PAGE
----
Over the last one year, the number of visa rejections for business travellers to the US had risen dramatically and Indian technology professionals have had the rough end of the stick in this regard. While earlier visa rejections stood well under 10%, these days that number is inching towards the 40% mark. Clearly, Indian IT vendors have been hard-hit on this front. Neither have they been able to support their customers adequately on-site, nor have they been able to put a cap on this additional expense.
While Nasscom has been trying its best to deal with the situation, it has not been easy, as evident from the continuing issues on the visa front. This was especially true in the run-up to the Presidential elections. Indian software companies have probably not worked out ways to surmount the reasons behind the restrictions placed on H1-B and L1 visas.
The issue had kicked into a higher gear, when Infosys was accused of visa abuse by the US Department of Homeland Security. That was a tough time for Som & Co. Infosys made it very clear that there was no such abuse and eventually proved that without doubt. Yet, that was a blot that took some time to wipe away.
Som has been vocal about the issues emanating from the interpretation of visas, but the problem is there does not seem to be one clear way of judging the rules. Nasscom has been trying to hammer this out with US consulates, but it may take some more time before there is more clarity on this.
Nasscom is upset that visa rejections have not come down, despite the fact that Indian IT firms have continued to create more and more job opportunities in the US. In the last five years, the number of people who have received employment from Indian IT firms in the US, has roughly doubled. The firms have also tried to increase their campus recruitment drive in America, in order to tide over the anti-outsourcing wave. Companies like Infosys and TCS have made more investments into their US centres. In fact, they are investing more than ever before.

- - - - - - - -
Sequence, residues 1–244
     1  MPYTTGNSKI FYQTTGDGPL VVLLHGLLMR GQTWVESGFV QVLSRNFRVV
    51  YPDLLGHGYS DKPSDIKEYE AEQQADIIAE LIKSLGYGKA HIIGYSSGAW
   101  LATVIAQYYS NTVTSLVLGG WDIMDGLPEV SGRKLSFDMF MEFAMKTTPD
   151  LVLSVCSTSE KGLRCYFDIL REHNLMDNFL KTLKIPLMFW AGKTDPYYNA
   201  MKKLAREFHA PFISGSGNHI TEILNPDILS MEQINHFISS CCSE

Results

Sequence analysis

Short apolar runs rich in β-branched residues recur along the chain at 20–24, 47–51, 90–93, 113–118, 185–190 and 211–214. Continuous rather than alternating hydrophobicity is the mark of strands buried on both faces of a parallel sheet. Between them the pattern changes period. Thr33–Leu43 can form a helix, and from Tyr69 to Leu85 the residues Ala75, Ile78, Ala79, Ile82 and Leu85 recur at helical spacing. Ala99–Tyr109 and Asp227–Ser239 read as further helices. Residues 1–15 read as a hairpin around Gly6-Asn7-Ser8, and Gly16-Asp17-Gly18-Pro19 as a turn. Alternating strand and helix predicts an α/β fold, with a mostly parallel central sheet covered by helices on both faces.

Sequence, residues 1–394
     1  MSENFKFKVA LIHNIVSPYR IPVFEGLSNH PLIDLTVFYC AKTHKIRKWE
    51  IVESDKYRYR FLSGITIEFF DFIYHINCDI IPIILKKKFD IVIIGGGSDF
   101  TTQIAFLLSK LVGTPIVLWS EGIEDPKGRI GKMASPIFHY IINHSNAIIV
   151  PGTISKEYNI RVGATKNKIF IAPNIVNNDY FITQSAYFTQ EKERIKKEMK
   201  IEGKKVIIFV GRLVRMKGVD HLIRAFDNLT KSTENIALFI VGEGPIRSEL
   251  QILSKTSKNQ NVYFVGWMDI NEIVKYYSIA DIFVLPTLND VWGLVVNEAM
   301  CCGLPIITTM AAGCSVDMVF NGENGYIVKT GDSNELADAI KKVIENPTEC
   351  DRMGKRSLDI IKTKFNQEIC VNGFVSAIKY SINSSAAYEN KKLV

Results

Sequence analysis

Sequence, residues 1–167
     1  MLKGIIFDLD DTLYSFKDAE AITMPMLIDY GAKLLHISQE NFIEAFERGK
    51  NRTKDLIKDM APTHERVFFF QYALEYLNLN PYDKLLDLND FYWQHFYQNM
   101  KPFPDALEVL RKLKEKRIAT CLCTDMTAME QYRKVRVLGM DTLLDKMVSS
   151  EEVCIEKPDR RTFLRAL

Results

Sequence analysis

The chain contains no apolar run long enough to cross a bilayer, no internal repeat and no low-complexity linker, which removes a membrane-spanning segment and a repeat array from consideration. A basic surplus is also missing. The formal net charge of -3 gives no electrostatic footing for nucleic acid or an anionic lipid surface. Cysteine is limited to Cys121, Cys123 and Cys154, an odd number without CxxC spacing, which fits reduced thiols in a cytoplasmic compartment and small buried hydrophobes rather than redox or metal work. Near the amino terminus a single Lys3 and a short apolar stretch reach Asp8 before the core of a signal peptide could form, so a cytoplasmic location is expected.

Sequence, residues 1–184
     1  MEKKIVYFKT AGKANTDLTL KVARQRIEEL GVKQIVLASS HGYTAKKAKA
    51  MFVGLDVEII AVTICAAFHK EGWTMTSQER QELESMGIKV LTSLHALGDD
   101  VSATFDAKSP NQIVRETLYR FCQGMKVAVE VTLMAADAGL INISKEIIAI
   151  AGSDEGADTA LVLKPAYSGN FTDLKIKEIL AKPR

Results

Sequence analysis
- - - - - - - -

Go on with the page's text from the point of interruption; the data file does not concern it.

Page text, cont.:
Yet the US government had decided to raise visa fees steeply, during Obamas first tenure. This had a huge impact on the profit margins of Indian IT firms. But Som has tried to play it cool. Nasscom has said, quite rightly, that opposition to outsourcing in the US was targetted essentially at the manufacturing sector and not necessarily software services. Many of the jobs in the US manufacturing sector have moved to China. The fact is that America continues to face an IT skills shortage, something that India is quite capable of addressing. We are the solution to many of the problems that US faces. There is a realisation (in the US) that we are part of the solution, he said recently. Nasscom shares many of the same economic and diplomatic goals outlined by President Obama and specifically, we agree on the shortage of STEM professionals in the US and support expanding the visa programme so that highly skilled workers can help companies lead the way on innovation and contribute additional jobs and economic growth in the United States, the IT trade body said in a recent statement.
Som is good with not taking a position of confrontation. He has been able to talk the language that the Americans like. In Obamas second term, the President will not have to worry about the consequences of his policies from an election point of view. There is no third term for the President in America. Hence, he is in a better position to give wings to his thoughts. What Nasscom will have to do is to walk on his right side. Thus far the Obama administration has not been able to choke Indias IT fortunes. The good part is even if they want to, American companies have no choice but to outsource to a country like India, where the quality of software services has married cost-effectiveness in perfect harmony.